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Rise of the corporate state

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  1. Introduction
  2. Background: The battle between labor and capital
    1. The role played by the law enforcement agencies
    2. Taking land away from farmers
    3. The relationship shared by industry and government
  3. Politics: Who gets what?
    1. The royalties, interest and penalties owed by the giant oil companies
    2. The U.S. Government's Agency for International Development
    3. Bailing out giant companies and bankruptcy rules
  4. Mass media: For the many, by the Few
    1. Stockholders of networks
    2. The work of the journalists
    3. The failure of the press
    4. The entertainment media and political censorship
  5. Conclusion
  6. Bibliography

Our history has been marked by intense and often violent class struggles, and the government has played a partisan role in these conflicts, mostly on the side of big business.

In 1845 in New York, Baltimore, New Orleans, St. Louis and other urban areas, the richest 1% owned the biggest share of wealth, while a third of the population lived in destitution. Poverty and overcrowding brought cholera and typhoid epidemics and while the wealthy were able to flee to avoid these epidemics, the poor often died. Many of the impoverished were addicted to drugs and alcohol and young girls often labored from 6am to midnight for small wages. Children as young as 9 and 10 toiled 14-hour shifts and suffered from malnutrition and sickness and disease.

In the battle between labor and capital, civil authorities intervened almost invariably on the side of the ?owning class,? using state militia, police and federal troops to crush strikes and quell disturbances.

[...] cities have competing newspapers under separate ownership major companies distribute virtually all the magazines sold on newsstands corporate conglomerates control most of the book sales revenues, and a few bookstore chains enjoy over 70% of book sales giant networks ABC, CBS, NBC and Fox dominate the television industry, and a handful of corporations command most of the nation's radio audience. NBC is owned by GE, Capital Cities/ABC by Disney and CBS who agreed to bankroll the rightist McLaughlin Group. Banks such as Morgan Guaranty Trust and Citibank are among the major stockholders of networks. [...]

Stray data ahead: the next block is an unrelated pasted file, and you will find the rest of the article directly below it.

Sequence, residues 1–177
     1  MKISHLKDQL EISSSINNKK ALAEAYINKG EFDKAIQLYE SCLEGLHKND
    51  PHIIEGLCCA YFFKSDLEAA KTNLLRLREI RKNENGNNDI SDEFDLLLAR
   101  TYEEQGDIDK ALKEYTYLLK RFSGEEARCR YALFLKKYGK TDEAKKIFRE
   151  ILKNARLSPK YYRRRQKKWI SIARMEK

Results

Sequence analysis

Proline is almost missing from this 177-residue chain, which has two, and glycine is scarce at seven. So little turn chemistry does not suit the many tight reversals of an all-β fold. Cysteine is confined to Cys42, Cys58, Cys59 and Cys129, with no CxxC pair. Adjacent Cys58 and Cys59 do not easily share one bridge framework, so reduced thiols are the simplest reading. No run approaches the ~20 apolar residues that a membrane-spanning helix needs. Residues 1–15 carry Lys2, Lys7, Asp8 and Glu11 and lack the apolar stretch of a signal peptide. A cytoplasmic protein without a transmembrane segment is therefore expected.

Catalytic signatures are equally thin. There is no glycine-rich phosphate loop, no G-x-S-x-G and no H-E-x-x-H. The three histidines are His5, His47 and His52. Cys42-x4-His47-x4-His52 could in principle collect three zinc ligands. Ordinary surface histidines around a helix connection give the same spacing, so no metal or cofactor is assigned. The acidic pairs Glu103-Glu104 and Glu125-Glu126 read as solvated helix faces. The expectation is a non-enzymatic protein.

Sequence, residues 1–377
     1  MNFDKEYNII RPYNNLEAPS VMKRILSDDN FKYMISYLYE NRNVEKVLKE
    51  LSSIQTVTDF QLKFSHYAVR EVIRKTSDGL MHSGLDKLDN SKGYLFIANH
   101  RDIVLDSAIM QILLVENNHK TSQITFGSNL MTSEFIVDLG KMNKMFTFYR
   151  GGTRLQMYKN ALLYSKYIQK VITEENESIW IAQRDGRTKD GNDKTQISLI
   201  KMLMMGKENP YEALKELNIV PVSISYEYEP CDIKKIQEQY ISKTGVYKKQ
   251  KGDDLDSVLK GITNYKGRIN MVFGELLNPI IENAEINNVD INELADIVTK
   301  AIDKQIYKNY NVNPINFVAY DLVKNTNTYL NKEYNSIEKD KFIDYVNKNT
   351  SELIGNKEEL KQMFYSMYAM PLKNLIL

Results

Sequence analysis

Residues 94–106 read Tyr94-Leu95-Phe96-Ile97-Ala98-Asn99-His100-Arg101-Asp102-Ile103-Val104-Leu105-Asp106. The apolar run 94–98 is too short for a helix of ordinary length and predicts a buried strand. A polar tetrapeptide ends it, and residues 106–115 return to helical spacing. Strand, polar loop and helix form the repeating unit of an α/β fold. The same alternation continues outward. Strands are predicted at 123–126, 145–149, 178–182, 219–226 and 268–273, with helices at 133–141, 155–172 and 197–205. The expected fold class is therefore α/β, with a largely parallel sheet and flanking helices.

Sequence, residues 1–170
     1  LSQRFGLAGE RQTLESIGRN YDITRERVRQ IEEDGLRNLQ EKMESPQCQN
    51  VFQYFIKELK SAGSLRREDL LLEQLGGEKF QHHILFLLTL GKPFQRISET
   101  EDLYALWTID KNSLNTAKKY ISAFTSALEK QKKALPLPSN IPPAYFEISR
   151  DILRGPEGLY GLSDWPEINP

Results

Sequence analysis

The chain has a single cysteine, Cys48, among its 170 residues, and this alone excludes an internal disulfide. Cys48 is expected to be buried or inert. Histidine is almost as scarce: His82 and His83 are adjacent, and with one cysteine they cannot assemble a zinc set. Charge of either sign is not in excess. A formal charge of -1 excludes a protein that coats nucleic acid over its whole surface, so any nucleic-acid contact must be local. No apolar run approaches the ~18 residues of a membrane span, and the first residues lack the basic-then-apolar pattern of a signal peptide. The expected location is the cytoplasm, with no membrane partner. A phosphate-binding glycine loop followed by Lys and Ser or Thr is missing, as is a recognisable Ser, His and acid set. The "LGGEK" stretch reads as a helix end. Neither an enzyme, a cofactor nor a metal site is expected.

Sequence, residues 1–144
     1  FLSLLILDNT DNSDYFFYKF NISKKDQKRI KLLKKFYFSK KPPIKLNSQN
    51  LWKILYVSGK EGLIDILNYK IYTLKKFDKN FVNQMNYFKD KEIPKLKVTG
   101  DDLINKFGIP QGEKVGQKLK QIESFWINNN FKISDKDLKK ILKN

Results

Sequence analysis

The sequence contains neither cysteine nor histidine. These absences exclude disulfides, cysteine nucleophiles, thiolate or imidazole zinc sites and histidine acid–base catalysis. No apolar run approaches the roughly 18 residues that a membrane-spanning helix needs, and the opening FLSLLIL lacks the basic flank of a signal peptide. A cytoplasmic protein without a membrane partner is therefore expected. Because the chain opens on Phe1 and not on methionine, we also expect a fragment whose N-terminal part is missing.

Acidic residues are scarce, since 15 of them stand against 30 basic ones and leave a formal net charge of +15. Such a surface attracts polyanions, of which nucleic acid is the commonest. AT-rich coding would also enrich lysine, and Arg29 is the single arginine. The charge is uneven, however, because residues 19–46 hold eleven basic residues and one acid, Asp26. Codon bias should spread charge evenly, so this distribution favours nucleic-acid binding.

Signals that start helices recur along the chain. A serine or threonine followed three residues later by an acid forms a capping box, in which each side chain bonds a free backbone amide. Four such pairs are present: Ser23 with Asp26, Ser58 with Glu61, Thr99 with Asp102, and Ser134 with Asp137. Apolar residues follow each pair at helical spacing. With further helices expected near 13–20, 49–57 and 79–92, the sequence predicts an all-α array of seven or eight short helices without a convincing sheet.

[...] With the start of WWII, business and government became even more entwined. Business leaders occupied top government posts, leaders were able to set the terms of war production, freezing wages and let profits soar. From the 1950s to today, successive Democrats and Republican administrations have supported the corporate business system with subsidies, tax favors and military spending programs that transformed the U.S. into a permanent war economy. In the late 1950s, the Eisenhower administration sought to undo what conservatives called the ?creeping socialism? of the New Deal by handing over to private corporations some $50 billion worth of off-shore oil reserves, government-owned synthetic rubber factories, public lands, public power and atomic installations. [...]

[...] The proportion of federal revenues coming from corporate taxes has dropped from 50% in 1945 to less than today. They shift profits to overseas branches in low-tax countries. They indulge in tax shelters so complex that government auditors sometimes cannot properly trace them. They incur merger and acquisition costs that are then written off as deductions. And they dispatch lobbyists to Washington to pressure Congress for more tax breaks. If rich individuals and corporations paid a graduated progressive tax of 70% as they did 20 years ago with no loopholes or shelters, hundreds of billions of additional dollars would be collected yearly and the national debt could be reduced. [...]

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